As a number of people have noted (Jen Daskal is one), the OLC memo released yesterday doesn’t describe what the government considers an imminent threat.
Meanwhile, Ben Wittes is unexpectedly spending his time writing interesting posts about why imminence is in there in the first place, and not mocking the NYT editorial calling for a drone and/or targeted killing court.
I think the source of law for imminence in Holder’s speech, in the white paper, and in this memo is a presidential covert action finding. That is, I think the president, in issuing whatever finding gave rise to the killing of Al-Aulaqi, limited the authorization to situations involving imminent threats. This invocation was prudential, not legally required by any other source of law, but it operates as law for the executive branch.
There are a few pieces of evidence—not conclusive, but suggestive—supporting this view:
The most important is that memo—by omission—excludes the other major possibilities. If the imminence requirement is not there because of constitutional separation of powers, international law, or the constitutional rights of the targets, it’s got to be coming from somewhere. Internal executive branch law is one of the few remaining possibilities.
Moreover, it’s the only obvious possibility I can think of that would leave so little footprint in the memo. Indeed, if the imminence discussion is present but redacted, that suggests that the very source of law is classified. That is consistent with its appearance in a finding. Alternatively, if the reason the discussion seems to be missing is that it isn’t there at all, that is also consistent with its originating in a finding. After all, if we assume that imminence is only a requirement because the president said it’s a requirement, it follows that the concept means—at least in this context—whatever the president wants it to mean.
I’m not sure I buy that there is no legal reason for imminence, but I do agree it is relatively absent in what we have of the July 16, 2010 memo.
As it happens, in my thinking about the absence of a discussion of imminence in this memo, I have started comparing what’s in the white paper but not the OLC memo (I have already noted that the desultory treatment of why Courts couldn’t review the assassination is not in the OLC memo).
Remember, there are two possible explanations for why something would be in the White Paper (dated November 8, 2011, over a month after Awlaki was killed) but not in the July 16, 2010 OLC memo we got yesterday. First, those missing elements could be in the first OLC memo, from February 2010. Section VI of yesterday’s memo cites from and appears to repeat the analysis from that other memo. And that’s precisely where the reference to “imminent” is.
The task before OLC in February 2010 was likely somewhat different than the task in July 2010, because not only did OLC have to come up with an argument for killing an American going forward, but it likely felt some urgency to justify the attack on Awlaki attempted on Christmas Eve 2009, which was by all reports conducted under Article II justification. Dana Priest’s report that Awlaki was on the JSOC kill list probably created real urgency in January and February to provide this justification. Both the fact that that strike was attempted under solely Presidential authority, and that it was done without prior OLC review would raise the importance of arguing that Awlaki, in the wake of early December 2009 revelations that he had been in contact with Nidal Hasan, was an imminent threat.
The other possibility is that the emphasis on imminence came after the OLC memo, and DOJ added it into the white paper either for what was intended to be public (or at least Congressional) consumption, or to deal with developments that occurred between the time David Barron finished the memo in July 2010 and the time the government killed Awlaki 14 months later.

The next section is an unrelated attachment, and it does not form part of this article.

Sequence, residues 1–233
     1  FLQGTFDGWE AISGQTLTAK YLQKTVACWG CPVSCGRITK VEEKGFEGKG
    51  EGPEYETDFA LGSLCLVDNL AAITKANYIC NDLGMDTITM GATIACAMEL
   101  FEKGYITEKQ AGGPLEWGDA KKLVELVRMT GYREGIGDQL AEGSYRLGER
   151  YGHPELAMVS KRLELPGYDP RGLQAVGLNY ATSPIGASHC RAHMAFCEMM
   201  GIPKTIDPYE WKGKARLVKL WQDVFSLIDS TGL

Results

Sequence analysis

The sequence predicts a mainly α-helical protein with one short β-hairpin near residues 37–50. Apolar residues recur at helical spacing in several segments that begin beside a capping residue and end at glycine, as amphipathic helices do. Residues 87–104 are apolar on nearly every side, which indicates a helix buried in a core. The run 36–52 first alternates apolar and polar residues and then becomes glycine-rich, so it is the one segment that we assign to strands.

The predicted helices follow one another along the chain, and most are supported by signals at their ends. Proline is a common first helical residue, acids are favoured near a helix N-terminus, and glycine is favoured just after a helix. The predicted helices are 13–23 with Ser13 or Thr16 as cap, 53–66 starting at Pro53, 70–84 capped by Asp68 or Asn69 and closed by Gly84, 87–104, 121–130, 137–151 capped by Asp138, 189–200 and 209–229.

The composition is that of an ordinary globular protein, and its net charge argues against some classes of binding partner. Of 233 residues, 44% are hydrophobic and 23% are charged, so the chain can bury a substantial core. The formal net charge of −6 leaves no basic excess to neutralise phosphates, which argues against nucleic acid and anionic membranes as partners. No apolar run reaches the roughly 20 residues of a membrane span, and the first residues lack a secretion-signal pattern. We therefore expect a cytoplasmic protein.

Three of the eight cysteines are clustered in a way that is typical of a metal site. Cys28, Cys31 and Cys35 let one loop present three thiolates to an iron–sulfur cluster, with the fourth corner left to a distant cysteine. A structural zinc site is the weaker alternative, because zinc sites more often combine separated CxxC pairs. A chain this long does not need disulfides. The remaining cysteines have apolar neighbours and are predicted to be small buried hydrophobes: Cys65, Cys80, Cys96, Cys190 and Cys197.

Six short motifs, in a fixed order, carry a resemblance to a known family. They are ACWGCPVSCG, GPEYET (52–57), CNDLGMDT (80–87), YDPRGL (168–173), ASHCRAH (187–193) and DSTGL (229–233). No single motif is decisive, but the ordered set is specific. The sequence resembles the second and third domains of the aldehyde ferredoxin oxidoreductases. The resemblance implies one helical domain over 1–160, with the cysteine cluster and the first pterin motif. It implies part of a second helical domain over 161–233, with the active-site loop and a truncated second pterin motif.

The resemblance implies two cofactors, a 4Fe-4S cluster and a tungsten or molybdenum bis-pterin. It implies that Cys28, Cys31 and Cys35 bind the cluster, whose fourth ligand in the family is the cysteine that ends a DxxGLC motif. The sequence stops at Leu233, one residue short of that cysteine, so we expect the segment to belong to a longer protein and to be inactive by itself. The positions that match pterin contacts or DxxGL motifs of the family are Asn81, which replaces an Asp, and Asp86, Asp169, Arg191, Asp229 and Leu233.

Meanwhile, I’ve been puzzling over something that appears in the white paper that we know can’t appear in either OLC memo: the citation to John Brennan’s September 16, 2011 speech on “Strengthening our Security by Adhering to our Values and Laws.” This sentence of that speech was cited: “The United States does not view our authority to use military force against al-Qa’ida as being restricted solely to ‘hot’ battlefields like Afghanistan.” That is, unless I’m mistaken, the only reference to a source that post-dates the OLC memo that authorized Awlaki’s killing.
As it turns out, that sentence introduces a discussion that leads to a treatment of the government’s definition of “imminence.”
The United States does not view our authority to use military force against al-Qa’ida as being restricted solely to “hot” battlefields like Afghanistan. Because we are engaged in an armed conflict with al-Qa’ida, the United States takes the legal position that —in accordance with international law—we have the authority to take action against al-Qa’ida and its associated forces without doing a separate self-defense analysis each time. And as President Obama has stated on numerous occasions, we reserve the right to take unilateral action if or when other governments are unwilling or unable to take the necessary actions themselves.
That does not mean we can use military force whenever we want, wherever we want. International legal principles, including respect for a state’s sovereignty and the laws of war, impose important constraints on our ability to act unilaterally—and on the way in which we can use force—in foreign territories.
Others in the international community—including some of our closest allies and partners—take a different view of the geographic scope of the conflict, limiting it only to the “hot” battlefields. As such, they argue that, outside of these two active theatres, the United States can only act in self-defense against al-Qa’ida when they are planning, engaging in, or threatening an armed attack against U.S. interests if it amounts to an “imminent” threat.